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But exactly how that desire to work is manifest in the working partnership in Agility (or whatever sport) is certainly unique to the Border Collie. Part of it is the biddability, but it goes beyond that. There is something about the entire "package" that makes the Border Collie quite different, even from the dogs of other breeds that are motivated and have a good work ethic.

 

 

I've thought about that too. I've wondered if it is one of many components of working ability, like mental mapping or spatial reasoning.

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In a way, for me it would be more rewarding to take a dog like a Petite Bassett Griffon Vedeen, or a pit bull, or a rough Collie, and train it to do agility, well and happily. Not because it would have the best chance at ribbons or titles necessarily, but to get it so invested in our partnership that it would give me its personal best. To me, that would be a reward and a challenge worth pursuing. Much more than a title or a boxful of ribbons.

 

In a lot of ways, I have found the same thing in sports with Border Collies.

 

In spite of their natural talent and everything that they bring to the table as sport partners, they also present incredible challenges. Like when Dean figured out that when bars fell on the floor in foundation class, they were 20 inch jumps, so he would avoid any and all 20 inch jumps. 20 inch tires were OK, 16 inch jumps were OK, but 20 inch jumps - no way. Took quite a while to convince him otherwise. Or helping Speedy to get his stimulation issues in check so he could dance much more artfully. Took years - literally. The experience of getting there certainly was worth more than his box of ribbons and medals and the titles that he earned along the way (although I certainly appreciate those also!)

 

You can't be caught napping when doing sports with a Border Collie - he or she will think of something in the meantime!!

 

One thing that I really appreciate about doing sports with Border Collies is that I have to maintain a sense of humor!!

 

I love the intensity that they bring. I love the outside the box thinking that they bring. I love the work ethic. I love that special balance of desire to work with the handler and desire to carry out tasks independently. I love having to think and work to figure out how to make it work when the challenges arise. And I love the electric spark of synchronicity when it all comes together!

 

"But," you might object, "Why not pick the breed most suited, most talented, to do agility?" My answer would be, because in the big picture it doesn't matter if a Border Collie is good at agility. Agility is something we do because we find it personally rewarding.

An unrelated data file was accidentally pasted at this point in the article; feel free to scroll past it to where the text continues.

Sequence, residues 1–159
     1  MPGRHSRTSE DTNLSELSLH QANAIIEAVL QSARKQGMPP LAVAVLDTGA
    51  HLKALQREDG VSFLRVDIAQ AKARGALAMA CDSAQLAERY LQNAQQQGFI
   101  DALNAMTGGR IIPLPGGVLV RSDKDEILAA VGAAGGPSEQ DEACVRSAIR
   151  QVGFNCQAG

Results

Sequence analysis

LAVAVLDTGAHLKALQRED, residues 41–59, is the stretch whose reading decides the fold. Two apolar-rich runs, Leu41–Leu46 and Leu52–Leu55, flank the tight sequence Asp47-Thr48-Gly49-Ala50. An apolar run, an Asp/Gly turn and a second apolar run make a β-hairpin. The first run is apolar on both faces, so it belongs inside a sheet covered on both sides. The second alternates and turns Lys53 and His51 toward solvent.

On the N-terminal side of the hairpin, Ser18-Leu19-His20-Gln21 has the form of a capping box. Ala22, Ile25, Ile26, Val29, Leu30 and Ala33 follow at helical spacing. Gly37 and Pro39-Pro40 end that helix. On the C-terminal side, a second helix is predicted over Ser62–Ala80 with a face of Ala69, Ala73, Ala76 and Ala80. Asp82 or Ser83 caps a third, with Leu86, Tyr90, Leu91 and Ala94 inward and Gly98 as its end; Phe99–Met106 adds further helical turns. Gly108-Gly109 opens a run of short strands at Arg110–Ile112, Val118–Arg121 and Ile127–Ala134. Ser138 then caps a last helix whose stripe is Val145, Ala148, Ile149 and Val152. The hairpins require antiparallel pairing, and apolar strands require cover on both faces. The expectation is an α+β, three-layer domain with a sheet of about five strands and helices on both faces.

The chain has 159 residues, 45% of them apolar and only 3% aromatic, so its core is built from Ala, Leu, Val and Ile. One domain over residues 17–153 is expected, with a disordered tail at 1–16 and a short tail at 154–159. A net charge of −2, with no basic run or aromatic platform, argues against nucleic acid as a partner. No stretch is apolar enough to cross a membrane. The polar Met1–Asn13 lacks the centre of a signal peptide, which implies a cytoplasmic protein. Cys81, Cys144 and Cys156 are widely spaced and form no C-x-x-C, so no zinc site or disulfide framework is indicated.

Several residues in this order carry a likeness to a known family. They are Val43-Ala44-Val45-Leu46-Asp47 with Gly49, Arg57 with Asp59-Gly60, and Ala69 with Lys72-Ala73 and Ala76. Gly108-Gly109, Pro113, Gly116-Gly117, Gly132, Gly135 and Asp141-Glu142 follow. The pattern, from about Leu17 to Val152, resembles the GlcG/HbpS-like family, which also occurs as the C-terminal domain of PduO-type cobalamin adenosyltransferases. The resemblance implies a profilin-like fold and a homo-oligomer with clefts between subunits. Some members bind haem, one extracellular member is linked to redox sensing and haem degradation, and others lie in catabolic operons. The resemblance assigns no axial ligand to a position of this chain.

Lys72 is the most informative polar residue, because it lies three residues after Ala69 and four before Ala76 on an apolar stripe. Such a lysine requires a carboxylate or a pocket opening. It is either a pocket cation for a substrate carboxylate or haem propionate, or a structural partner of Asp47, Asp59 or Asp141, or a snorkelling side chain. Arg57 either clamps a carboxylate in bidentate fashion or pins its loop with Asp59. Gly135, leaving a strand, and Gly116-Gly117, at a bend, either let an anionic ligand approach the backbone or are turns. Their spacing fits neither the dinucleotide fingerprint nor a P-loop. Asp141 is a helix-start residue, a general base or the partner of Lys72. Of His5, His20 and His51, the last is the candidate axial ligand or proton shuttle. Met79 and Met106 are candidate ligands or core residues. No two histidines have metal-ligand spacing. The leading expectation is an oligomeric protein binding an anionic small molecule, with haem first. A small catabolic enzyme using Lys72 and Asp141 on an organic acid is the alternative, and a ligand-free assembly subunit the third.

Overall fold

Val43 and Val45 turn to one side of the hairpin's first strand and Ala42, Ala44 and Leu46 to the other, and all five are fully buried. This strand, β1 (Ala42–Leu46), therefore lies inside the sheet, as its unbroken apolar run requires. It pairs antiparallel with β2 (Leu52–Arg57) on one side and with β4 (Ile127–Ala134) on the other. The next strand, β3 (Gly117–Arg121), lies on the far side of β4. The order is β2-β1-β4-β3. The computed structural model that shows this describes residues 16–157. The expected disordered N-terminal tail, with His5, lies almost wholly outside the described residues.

You do realize, that others do not share that particular point of view. :D

 

It matters a great deal to me, not so much that my Border Collie is "good" at Agility or Dance or whatever we are doing, but that my Border Collie puts his or her entire heart and being into it. It matters that we enter into that incredible dance together as partners, each of us an individual member of the team, coming together to make it happen.

 

Dog sports aren't just about the handler. If the dog and handler are not a team, it won't work on any level. There must be teamwork, partnership, give and take - and my experience has been that the Border Collie takes a role on the team that I simply don't see in dogs of other breeds - even those who are quite good at what they do.

 

Also, I've watched participation in dog sports play a role in my dog's lives that you would probably not believe. If you really think it's just about finding it personally rewarding (of course that's part of it), then I would say that there are aspects of participation in dog sports that you must not have experienced. But others certainly have.

 

Of course, I am not one who only considers what puts food on my table to be the only things that matter in life, nor - much of the time - even most important. I find life, in general, to be far richer than that.

 

From this perspective any dog is a good choice for agility - even though some will be more talented than others. But only one will do for the work of the shepherd.

 

For me, as a handler, nothing else will do.

 

In fact, if I had to train and perform with another breed, I honestly don't think I could even be bothered. I'd always be missing the Border Collie in the dog!!

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But exactly how that desire to work is manifest in the working partnership in Agility (or whatever sport) is certainly unique to the Border Collie. Part of it is the biddability, but it goes beyond that. There is something about the entire "package" that makes the Border Collie quite different, even from the dogs of other breeds that are motivated and have a good work ethic.

 

Can you expound on this?

 

FWIW, I've heard very similar statements made about GSDs, Malinios, Dutch Shepherds, Labradors, Goldens, Australian Shepherds, Dobermans, etc. All in a sport/working context. People tend to swear by a breed that they have had good success with in their chosen venue.